Gorgeous model Brooklyn Decker definitely has a body worth envying, but don't think she's one of those girls who doesn't have to work for it!

The 5'9" stunner, who just celebrated her 25th birthday on Thursday, graces the cover of the May 2012 issue of Women's Health, where she dishes on her hardcore workout secrets, her food philosophy and her attempt at learning to play tennis from superstar hubby Andy Roddick.

0412_brooklyn_insetBrooklyn on the importance of exercising even when she is tired: “If I stop wanting to work out, then I’m going to be in some serious trouble.”

On fitting in her core workouts throughout the day: “Seriously, I will drop to the floor and do a plank anywhere, anytime—in my kitchen, next to my bed, in a hotel room. Straight planks on my elbows or hands and then the all-important side planks and side plank crunches.”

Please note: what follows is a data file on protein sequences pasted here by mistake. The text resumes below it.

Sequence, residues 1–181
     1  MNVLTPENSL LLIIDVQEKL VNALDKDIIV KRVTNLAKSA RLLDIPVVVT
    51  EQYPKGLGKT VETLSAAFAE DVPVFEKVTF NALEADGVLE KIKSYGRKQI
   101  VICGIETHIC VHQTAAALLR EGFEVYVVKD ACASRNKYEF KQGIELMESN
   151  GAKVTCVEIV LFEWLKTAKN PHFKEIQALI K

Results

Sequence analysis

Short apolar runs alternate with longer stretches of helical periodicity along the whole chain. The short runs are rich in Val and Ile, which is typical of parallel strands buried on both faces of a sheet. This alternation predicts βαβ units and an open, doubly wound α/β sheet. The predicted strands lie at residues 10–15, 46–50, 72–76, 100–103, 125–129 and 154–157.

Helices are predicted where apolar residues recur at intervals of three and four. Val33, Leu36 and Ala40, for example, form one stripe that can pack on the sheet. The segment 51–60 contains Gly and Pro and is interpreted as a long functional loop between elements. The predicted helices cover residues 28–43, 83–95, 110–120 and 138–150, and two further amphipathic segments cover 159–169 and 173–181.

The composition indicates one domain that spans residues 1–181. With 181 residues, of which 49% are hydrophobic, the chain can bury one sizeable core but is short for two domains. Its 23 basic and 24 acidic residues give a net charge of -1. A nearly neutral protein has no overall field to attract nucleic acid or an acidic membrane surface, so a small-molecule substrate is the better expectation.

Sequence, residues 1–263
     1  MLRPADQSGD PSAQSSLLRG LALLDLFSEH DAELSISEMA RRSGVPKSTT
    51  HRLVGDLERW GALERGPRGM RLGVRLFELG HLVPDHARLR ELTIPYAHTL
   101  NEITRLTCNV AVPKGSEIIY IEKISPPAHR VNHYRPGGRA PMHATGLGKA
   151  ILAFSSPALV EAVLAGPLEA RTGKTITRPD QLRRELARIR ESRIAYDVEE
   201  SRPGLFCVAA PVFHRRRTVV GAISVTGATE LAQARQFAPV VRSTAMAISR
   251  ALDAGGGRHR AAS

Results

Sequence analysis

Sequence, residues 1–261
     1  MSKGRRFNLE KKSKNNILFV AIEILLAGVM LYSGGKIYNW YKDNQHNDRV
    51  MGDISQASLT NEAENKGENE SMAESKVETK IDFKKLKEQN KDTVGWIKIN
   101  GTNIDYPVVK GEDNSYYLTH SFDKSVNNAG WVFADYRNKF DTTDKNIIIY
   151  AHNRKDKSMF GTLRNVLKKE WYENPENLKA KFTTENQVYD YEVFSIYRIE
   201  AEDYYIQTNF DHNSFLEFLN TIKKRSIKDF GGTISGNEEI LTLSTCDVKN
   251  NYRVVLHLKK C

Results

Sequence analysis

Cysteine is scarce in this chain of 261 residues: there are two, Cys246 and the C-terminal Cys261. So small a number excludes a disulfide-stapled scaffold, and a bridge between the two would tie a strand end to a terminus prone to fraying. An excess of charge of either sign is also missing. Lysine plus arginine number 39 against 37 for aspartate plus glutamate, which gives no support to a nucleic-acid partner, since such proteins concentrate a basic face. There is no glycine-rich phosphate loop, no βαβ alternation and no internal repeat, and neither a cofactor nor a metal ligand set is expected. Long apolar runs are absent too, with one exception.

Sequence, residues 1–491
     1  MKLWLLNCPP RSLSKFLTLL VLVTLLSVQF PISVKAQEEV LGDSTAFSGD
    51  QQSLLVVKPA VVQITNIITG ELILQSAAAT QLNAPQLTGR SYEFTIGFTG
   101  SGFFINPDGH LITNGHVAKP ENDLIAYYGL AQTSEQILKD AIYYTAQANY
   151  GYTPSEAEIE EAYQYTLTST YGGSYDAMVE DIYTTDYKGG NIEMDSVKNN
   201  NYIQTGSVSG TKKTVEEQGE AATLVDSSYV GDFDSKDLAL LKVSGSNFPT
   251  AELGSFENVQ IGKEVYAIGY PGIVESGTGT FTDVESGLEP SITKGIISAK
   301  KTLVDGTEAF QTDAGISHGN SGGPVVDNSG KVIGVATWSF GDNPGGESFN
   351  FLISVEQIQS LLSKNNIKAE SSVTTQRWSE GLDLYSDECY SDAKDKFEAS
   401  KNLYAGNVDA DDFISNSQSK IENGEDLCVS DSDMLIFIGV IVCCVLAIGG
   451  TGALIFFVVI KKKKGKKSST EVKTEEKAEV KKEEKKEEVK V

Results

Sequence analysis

Brooklyn on physically challenging herself her role in the upcoming "Battleship:" “My director on "Battleship," Peter Berg, said that as much as I work out, he wanted me to be strong. He took me to a boxing gym. After six or seven minutes of sparring, I was completely winded. But I was also exhilarated because it was a new workout that I had never before experienced. You learn how to punch, and I promise, you and your muscles will never forget it.”

On her eating habits: “[I eat] like a 12-year-old.”

Brooklyn on her food philosophy: “
I try not to think about foods that are too fattening or too sugary. I always think about why it’s important to eat the best foods. By not obsessing over the bad, I tend to stick with the good.”
Brooklyn on her husband, Andy Roddick: "Being married to Andy has given me a new appreciation for my body. He’s taught me that it’s not how thin you are that matters. It’s how your body performs, how it endures wear and tear.”

On trying to learn tennis from husband, Andy Roddick: “He tried to give me a lesson once, and I ended up hitting all the tennis balls over the fence and smashing my racket because I was so frustrated. I told him, ‘You don’t teach me how to play tennis, and I won’t teach you how to model in a bathing suit.’ And so far, it’s worked.”

For more from Brooklyn, be sure to pick up the May issue of Women's Health, on newsstands April 17th.

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